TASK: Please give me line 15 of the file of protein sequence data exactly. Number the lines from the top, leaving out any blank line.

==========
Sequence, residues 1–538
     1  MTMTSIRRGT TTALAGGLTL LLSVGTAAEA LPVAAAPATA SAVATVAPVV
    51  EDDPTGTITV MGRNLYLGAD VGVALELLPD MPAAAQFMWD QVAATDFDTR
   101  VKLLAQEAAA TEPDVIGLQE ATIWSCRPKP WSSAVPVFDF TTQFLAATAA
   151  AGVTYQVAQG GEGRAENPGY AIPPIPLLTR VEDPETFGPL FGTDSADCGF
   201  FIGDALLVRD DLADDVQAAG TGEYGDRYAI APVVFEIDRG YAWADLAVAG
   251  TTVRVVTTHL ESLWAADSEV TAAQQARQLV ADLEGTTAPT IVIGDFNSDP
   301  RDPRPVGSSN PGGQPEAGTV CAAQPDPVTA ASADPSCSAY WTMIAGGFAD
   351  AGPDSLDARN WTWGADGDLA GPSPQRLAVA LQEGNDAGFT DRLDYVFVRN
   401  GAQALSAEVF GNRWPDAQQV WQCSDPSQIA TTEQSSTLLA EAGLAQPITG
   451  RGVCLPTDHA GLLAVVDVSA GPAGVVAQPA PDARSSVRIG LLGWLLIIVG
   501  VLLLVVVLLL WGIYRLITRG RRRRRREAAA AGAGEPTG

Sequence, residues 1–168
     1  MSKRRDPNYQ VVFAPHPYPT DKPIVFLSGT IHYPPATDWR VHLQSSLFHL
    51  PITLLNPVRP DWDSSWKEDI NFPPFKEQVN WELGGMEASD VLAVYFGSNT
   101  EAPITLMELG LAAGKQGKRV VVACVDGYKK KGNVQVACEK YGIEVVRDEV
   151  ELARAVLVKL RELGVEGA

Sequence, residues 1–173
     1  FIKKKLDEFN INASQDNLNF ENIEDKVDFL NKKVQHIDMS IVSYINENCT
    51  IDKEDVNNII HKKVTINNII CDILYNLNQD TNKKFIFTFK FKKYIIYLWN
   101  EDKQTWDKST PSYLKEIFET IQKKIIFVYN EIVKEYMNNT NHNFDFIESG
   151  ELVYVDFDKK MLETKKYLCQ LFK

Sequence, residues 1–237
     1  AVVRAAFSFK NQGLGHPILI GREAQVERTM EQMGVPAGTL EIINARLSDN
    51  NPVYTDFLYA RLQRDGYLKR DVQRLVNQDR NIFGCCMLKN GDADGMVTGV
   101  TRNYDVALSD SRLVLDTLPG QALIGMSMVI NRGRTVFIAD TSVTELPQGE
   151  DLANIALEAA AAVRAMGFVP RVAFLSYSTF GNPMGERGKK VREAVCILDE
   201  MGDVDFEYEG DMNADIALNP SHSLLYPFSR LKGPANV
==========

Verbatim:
    51  PITLLNPVRP DWDSSWKEDI NFPPFKEQVN WELGGMEASD VLAVYFGSNT